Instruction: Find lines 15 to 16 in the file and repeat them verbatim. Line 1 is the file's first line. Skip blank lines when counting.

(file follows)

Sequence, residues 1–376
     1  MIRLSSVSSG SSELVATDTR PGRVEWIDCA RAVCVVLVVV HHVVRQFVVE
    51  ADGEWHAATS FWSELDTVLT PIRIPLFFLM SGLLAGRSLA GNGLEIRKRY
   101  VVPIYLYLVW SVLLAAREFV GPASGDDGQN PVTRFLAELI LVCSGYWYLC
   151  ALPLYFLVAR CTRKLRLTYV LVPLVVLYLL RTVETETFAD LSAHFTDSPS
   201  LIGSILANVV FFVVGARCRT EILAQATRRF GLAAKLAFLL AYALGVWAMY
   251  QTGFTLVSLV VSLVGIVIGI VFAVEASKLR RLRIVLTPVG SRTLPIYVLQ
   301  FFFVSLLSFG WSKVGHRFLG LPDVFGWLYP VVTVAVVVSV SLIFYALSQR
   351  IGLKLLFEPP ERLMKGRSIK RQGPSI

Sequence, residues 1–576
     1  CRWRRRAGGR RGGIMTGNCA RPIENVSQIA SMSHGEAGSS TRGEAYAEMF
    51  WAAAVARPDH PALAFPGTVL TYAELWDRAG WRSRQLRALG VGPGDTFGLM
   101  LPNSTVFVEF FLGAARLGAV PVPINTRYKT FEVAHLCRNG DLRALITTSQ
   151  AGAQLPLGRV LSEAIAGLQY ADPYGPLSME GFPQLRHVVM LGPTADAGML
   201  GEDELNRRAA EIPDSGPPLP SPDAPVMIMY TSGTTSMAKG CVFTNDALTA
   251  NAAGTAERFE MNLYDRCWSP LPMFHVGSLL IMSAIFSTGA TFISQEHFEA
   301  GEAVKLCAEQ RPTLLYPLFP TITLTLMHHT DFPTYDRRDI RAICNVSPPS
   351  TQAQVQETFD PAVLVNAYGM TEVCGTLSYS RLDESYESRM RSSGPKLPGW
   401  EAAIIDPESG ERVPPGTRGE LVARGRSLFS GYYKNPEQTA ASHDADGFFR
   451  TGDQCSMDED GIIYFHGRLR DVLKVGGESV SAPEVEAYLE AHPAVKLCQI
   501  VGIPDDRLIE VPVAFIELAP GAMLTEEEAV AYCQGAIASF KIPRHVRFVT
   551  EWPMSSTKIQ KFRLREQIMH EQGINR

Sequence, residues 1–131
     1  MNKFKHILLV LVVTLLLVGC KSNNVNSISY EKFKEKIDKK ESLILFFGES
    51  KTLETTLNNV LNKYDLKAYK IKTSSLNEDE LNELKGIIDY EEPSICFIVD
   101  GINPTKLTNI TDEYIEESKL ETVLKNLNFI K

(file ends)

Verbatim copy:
   201  GEDELNRRAA EIPDSGPPLP SPDAPVMIMY TSGTTSMAKG CVFTNDALTA
   251  NAAGTAERFE MNLYDRCWSP LPMFHVGSLL IMSAIFSTGA TFISQEHFEA